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5.14.2016

Review: If I Was Your Girl by Meredith Russo

If I Was Your Girl by Meredith Russo
Notes: Review copy received via Amazon Vine.
Young Adult, LGBTQ, Social Issues
Digital/Print/Audio (288 pages, FLATIRON BOOKS)
Amanda Hardy is the new girl in school. Like anyone else, all she wants is to make friends and fit in. But Amanda is keeping a secret, and she’s determined not to get too close to anyone.
But when she meets sweet, easygoing Grant, Amanda can’t help but start to let him into her life. As they spend more time together, she realizes just how much she is losing by guarding her heart. She finds herself yearning to share with Grant everything about herself, including her past. But Amanda’s terrified that once she tells him the truth, he won't be able to see past it.
Because the secret that Amanda’s been keeping? It's that at her old school, she used to be Andrew. Will the truth cost Amanda her new life, and her new love?
Meredith Russo's If I Was Your Girl is a universal story about feeling different―and a love story that everyone will root for.
Author Site: website

It's heartfelt, hopeful, and just a really good read. (5 stars)

As a cisgender adult I was really nervous that anything I could write in a review of IF I WAS YOUR GIRL would be the wrong thing. But when I read the blurb this book called to me deeply, I had to read it, and when I did, I desperately wanted to tell everyone I could how much of an emotional response I had to it.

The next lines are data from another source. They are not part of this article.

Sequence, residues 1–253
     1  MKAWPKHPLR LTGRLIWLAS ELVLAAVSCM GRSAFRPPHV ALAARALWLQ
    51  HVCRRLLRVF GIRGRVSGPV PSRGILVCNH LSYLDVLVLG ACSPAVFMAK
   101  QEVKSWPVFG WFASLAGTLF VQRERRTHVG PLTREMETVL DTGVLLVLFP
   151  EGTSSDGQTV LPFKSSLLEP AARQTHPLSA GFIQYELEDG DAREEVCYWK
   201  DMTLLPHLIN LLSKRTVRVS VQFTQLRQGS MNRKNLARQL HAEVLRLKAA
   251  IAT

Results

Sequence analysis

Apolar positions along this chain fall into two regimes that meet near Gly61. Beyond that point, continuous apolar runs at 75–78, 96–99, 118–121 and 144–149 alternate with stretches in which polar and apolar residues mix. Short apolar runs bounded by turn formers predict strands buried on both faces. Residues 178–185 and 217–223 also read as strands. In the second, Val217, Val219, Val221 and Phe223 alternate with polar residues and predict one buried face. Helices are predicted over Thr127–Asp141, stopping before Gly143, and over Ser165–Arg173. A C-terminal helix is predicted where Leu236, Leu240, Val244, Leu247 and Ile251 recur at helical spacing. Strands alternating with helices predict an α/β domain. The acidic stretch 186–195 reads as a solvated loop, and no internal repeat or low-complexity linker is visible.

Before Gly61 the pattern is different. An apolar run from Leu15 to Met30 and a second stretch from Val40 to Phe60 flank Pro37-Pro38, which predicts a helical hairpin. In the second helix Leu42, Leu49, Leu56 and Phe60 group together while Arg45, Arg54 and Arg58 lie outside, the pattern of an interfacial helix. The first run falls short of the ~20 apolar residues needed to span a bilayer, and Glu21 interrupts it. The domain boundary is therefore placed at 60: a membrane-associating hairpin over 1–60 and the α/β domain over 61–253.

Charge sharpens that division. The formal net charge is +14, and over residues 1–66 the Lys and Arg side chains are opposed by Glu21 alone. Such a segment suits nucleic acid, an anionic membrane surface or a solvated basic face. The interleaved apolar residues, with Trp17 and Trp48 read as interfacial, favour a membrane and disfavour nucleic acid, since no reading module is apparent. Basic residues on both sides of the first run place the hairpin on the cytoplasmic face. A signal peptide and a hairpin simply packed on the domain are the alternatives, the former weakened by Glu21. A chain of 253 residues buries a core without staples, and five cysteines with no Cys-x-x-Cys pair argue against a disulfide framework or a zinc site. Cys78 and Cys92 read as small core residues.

In many ways this was one of the most painful novels I've ever read. As a parent, I could relate to both Amanda's mother and father. Their fears and foibles, but also, their deep love for their daughter. I don't want to spoil scenes but there was a moment with her mother that was absolutely devastating to read because I could both understand her mother's grief and also how it affected Amanda. I found Amanda's growth into her own womanhood, her relationship with Grant, and how her transition had changed her privilege from that of a male very engrossing.

As I read I found myself wondering at times how much of Amanda's story fudged on the details a bit for the sake of story and Russo has a wonderful note at the end that I felt explained her choices well and made me feel better about my own reactions to this novel. Because, put simply, I loved this book deeply. So often we see trans characters used for humor, shown as freaks, and facing the horrific side of the world. While there are certainly moments of darkness that I believe are probably accurate for many, IIWYG is a much more positive and ultimately hopeful story. And though I certainly think stories that reflect the sad truths of what trans teens face are important too, having one where readers can see a trans teen overcome and find acceptance, love, and hope, is equally important.

IIWYG was an emotional tug-of-war from beginning to end. Amanda is a character I will never, ever forget and her story is one I want to share with everyone who has ever struggled with suicidal thoughts and finding acceptance. It's heartfelt, hopeful, and just a really good read.

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